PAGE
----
Q: Thanks, Caitlin!

CW: Thank you!

Stay tuned for more features on our dancers and musicians! And don’t forget to save the date for The Big Reel (No. 1) on Saturday, August 24th from 7pm at St. Michael the Archangel Church in Silver Spring, Maryland!



The Big Reel (No. 1)

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24th August 2013 | 8pm. Doors 7:30pm

To close out the summer, the New Century will present its sometimes-annual, sold-out spectacular of Irish Traditional music and dance, THE BIG REEL (No. 1)! Featuring some of the hardest-working traditional performers in Maryland and DC, the New Century’s summer performance will showcase historical choreography alongside unique new pieces created by New Century members, and traditional music gleaned from more than two centuries of printed collections.

Headlining the show will be the New Century’s directors, composer and arranger Peter Brice (button accordion, ballad-singing) and principal choreographer Kate Bole (step dance). Tenor banjoist Bob Smith, pianist Donna Long, and bodhrán player Myron Bretholz, will join them, presenting selections of their individual work. The cast features choreographers Lizzy Demaree, Joe Duffey, Catherine Marafino, and Phil Stacy, with dancers Denise Daniele, Lynne Haslbeck, Katie Kilner, Rebecca Marklin, Maggie McNamara, Caitlin Ward, and Sean Wilkes!

The New Century’s music and dance studios are comprised of local traditional artists who learned to play and dance in Maryland and Washington, DC. These musicians and dancers exude a locally-emergent style of Irish Traditional music that combines the musical influence of Billy McComiskey and Brendan Mulvihill with the step-dance legacy left to us by Peggy O’Neill.

Entrenched in tradition, at the heart of the New Century is its mission to empower traditional performers, and raise the visibility of the traditional arts in America. “The New Century’s performance ensemble is a laboratory for new ideas,” says company director Peter Brice, “But we aren't experimenting on traditional music and dance—we're testing new platforms for traditional artists to pursue their creativity at the highest level.”

The Big Reel (No. 1) is co-sponsored by the Folklore Society of Greater Washington and The Culkin School of Traditional Irish Dance, in conjunction with the New Century.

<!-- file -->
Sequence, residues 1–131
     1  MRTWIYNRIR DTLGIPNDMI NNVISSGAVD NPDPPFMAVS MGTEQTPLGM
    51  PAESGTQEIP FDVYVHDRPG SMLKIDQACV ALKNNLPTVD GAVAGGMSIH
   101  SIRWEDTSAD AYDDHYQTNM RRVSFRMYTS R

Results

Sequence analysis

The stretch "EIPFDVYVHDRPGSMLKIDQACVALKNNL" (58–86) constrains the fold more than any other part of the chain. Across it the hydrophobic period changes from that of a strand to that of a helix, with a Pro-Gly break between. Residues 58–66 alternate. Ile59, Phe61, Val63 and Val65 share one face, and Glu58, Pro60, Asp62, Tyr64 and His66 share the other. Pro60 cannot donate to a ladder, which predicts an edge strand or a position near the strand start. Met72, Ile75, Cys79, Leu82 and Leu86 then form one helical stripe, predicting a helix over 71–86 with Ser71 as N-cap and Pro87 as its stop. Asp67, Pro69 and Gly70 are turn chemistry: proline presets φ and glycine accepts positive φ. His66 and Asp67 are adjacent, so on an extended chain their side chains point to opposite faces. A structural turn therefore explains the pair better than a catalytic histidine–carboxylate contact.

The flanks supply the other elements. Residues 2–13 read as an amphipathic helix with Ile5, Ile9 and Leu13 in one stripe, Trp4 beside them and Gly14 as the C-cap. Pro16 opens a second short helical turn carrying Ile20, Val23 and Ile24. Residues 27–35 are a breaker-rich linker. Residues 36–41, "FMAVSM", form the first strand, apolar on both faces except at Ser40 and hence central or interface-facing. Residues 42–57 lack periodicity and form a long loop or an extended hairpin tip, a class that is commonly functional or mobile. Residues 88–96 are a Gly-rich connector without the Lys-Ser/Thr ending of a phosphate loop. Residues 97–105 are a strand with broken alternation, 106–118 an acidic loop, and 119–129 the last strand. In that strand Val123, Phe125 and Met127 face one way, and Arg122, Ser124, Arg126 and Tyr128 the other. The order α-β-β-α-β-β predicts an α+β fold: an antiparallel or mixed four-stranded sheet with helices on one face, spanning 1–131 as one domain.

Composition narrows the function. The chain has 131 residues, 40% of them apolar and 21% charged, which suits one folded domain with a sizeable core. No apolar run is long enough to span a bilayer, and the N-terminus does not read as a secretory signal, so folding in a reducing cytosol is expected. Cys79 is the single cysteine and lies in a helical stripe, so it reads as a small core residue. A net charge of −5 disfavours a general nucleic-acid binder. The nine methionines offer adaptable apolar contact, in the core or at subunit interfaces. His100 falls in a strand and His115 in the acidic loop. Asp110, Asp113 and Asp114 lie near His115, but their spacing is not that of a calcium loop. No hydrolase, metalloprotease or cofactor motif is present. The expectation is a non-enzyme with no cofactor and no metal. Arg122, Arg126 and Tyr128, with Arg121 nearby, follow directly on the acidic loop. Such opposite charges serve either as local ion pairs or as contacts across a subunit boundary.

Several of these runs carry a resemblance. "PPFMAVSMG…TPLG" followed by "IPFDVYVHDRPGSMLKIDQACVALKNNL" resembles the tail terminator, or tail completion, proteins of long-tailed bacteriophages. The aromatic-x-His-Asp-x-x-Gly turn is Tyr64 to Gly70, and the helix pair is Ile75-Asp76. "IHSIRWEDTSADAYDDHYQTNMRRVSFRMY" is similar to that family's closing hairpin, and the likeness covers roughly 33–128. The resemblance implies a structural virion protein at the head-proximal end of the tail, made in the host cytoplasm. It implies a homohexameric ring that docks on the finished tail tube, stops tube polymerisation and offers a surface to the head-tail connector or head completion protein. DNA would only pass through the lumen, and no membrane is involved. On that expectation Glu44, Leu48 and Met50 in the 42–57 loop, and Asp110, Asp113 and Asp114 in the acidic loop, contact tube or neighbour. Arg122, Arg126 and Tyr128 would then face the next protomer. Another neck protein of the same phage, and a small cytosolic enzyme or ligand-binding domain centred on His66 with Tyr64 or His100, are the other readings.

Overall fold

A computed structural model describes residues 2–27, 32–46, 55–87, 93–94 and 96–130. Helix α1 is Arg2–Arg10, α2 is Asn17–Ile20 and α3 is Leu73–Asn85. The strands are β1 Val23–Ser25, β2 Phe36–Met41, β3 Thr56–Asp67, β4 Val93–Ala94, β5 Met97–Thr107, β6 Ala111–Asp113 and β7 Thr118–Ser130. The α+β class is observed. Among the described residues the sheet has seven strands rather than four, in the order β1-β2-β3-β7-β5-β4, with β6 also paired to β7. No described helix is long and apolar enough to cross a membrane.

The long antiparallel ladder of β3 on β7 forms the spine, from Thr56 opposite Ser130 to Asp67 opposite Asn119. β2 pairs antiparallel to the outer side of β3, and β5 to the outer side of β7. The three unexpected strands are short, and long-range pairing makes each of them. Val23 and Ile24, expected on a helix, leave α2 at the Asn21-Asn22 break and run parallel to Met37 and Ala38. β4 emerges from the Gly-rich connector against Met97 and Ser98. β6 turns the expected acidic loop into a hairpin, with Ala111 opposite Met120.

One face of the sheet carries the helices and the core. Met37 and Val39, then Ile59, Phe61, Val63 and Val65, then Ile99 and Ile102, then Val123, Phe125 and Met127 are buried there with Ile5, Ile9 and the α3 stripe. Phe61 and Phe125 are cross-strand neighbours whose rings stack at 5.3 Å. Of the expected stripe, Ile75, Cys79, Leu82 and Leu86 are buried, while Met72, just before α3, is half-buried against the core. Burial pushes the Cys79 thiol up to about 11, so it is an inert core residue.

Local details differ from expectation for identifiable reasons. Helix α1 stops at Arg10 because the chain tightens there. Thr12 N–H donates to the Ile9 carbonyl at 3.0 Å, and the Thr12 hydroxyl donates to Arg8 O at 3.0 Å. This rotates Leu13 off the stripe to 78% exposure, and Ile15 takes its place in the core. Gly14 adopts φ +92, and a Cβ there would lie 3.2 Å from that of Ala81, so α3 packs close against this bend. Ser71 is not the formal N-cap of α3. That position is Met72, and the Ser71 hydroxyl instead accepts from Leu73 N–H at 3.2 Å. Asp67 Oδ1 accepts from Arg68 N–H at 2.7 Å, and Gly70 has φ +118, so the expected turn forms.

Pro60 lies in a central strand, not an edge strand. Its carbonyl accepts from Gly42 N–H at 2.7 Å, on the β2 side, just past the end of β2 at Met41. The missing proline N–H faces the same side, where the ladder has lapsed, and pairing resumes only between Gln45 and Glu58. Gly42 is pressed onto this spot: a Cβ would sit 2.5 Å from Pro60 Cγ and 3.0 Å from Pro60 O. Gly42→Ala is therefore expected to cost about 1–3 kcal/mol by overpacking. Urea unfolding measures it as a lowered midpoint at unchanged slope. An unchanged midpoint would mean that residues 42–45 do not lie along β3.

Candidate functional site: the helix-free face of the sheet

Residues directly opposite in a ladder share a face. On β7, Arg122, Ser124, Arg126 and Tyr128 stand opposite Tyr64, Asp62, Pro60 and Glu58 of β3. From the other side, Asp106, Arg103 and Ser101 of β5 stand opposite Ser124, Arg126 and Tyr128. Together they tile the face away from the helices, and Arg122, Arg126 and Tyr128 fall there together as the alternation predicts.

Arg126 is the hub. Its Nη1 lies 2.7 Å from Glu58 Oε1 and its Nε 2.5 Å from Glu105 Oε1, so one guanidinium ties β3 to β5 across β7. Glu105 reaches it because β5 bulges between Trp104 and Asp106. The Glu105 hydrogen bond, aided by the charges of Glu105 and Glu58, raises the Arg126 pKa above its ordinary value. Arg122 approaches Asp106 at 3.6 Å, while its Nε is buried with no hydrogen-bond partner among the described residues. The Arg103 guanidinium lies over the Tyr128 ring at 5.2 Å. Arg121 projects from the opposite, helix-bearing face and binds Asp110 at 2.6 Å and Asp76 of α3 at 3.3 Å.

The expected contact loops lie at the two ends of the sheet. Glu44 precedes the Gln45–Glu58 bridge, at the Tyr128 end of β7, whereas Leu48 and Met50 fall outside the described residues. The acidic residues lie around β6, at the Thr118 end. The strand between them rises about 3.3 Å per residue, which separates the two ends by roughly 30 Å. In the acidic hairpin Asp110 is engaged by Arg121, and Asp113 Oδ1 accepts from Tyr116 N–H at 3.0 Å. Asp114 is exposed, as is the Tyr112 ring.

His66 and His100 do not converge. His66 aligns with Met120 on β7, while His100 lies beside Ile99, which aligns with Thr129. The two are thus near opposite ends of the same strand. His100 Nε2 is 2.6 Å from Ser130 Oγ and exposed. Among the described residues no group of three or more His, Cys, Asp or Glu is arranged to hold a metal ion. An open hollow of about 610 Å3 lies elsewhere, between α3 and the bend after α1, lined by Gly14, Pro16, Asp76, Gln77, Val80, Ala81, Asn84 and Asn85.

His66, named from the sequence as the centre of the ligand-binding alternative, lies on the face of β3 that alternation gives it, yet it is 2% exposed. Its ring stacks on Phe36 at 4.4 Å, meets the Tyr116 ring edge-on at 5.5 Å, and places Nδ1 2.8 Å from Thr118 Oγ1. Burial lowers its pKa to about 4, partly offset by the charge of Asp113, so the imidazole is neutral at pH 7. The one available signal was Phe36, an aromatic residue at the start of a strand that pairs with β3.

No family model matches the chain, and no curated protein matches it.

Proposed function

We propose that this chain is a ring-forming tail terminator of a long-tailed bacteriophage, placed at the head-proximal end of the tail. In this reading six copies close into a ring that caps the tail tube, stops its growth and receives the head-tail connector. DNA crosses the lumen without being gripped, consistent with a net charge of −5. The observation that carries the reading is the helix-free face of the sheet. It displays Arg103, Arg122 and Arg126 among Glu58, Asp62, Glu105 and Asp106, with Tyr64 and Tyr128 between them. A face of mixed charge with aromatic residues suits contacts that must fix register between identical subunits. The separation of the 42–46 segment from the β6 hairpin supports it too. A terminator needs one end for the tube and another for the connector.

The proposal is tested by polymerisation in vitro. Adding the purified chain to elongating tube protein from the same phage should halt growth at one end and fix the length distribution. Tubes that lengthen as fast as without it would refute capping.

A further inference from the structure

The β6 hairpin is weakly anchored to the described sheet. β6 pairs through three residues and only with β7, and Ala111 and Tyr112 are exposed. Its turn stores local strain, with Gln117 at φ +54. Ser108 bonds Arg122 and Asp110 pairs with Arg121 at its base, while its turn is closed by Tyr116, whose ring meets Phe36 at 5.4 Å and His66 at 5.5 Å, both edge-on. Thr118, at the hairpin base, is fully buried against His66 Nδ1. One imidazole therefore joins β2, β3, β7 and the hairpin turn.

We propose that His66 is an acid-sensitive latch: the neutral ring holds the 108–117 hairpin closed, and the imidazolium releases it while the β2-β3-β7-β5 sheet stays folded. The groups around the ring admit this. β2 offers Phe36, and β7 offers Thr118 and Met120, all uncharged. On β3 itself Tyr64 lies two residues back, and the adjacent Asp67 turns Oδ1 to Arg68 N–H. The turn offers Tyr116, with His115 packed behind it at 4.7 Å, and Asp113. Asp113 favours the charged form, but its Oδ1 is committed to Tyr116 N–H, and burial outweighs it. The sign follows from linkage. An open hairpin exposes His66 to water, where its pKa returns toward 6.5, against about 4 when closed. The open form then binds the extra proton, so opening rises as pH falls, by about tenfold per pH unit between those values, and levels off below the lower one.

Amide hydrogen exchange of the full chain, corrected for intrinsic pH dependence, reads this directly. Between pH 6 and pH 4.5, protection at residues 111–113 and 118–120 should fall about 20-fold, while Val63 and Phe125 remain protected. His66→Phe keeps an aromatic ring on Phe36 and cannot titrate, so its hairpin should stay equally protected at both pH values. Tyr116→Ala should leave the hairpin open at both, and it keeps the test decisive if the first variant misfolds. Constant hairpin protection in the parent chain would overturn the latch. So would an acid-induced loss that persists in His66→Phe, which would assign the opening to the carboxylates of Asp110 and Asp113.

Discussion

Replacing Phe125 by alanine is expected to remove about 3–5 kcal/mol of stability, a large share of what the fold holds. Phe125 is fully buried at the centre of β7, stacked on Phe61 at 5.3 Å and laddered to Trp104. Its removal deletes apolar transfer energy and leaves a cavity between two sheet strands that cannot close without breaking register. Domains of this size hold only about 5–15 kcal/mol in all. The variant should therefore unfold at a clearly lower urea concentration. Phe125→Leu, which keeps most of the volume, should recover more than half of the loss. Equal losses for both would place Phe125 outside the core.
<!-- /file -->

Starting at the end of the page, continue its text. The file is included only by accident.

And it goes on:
A Snow-tastic Holiday Funstravaganza

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According to valuable new scientific research, 67.4% of Americans prefer holiday parties to any other type of party, except birthday parties, Fourth of July parties, graduation parties, Bar Mitzvahs, first Communions, and of course, Thanksgiving. What are the odds?!

So in celebration of this era-defining leap forward in celebration statistical analysis, we are throwing a monumental Christmas party!  A whopping massive one!  [ed. There are only 60 tickets!]  And who is better to concoct the awesome-est SNOW-TASTIC HOLIDAY FUNSTRAVAGANZA (TM) ever than authentic Santa elves from the North Pole!  And these are not your run-of-the-mill jingle-bell be-dangled four-foot iPod bleachers, ladies and gentlemen, but real renegade toy-making elves fled direct from the snowy serf-fed industrial complex of Santa himself.  Their complaint?  Not enough nutmeg in the eggnog!  Yikes!  A real problem in 2012!  Also, polar bears!

Anyway, here's to less pay for longer hours and all that!  Reserve your tickets for our Christmas party today! CONTACT:

********** UPDATE **********




New Century Design: Samhain Ceili at Liam Flynn's


Recently, the New Century design team had the opportunity to work on some ads for a Samhain ceili at Liam Flynn's Ale House in Baltimore's Station North arts district.  Liam's is a great bar with loads of great beers and ciders, and he's always got Irish music or Scottish music or a Doctor-Who-themed event going on.  We wanted to give these posters a Halloween touch, so we made them extra spooky by including orange bats, spoooky ghosts, and Dan Isaacson.

Click through for the whole set!




Haiku D'État

In accordance with our secret plans for world domination, or as the peace-loving flower lickers in PR are calling it, "to celebrate the launch of our website,," (a giant leap forward in our bid to subjugate mankind), we're having a little poetry contest.  Ladies and gentlemen, we give you:

There is almost nothing in the world that says "behold my unequivocal awesomeness" quite like the haiku. [N.B. Pie also has this quality]  Here is a masterful one:

Get out of my way, mortal
I can play the flute
And walk on water ripples

Wow!  What a thought-provoking and totally authoritative statement of being!  That poet is possibly going to take over the world—possibly by playing the flute.  The only possible way it could be more impressive is if he put it on a Facebook banner:

Behold, the ultimate fusion of poetry and Facebook: THE RETRO ART PROJECT HAIKU FACEBOOK BANNER (TM)—now with IRISH ARTS POWER (TM). It is obvious that the haiku, nay the art of poetry itself, was developed for no greater purpose.

And now, to fuel our dreams of empire building kittens, we're putting out a call for your own imperious, traditional music inspired haikus. We're calling it... Haiku D'État.

Let the contest begin.


1) ONE (1) GRAND PRIZE WINNER will receive an original, endearing, personally flattering Facebook banner/retro art project designed by Peter Brice.

2) THREE (3) HONORABLE MENTIONS will be featured as images on the New Century's Facebook page and blog.

3) FIVE (5) RUNNERS UP will have their haikus featured on the New Century's Facebook page and on this blog.



1) All submissions will be judged solely on the basis of their individual awesomeness.

2) There is no #2.  (Well, technically there is, but... nevermind.)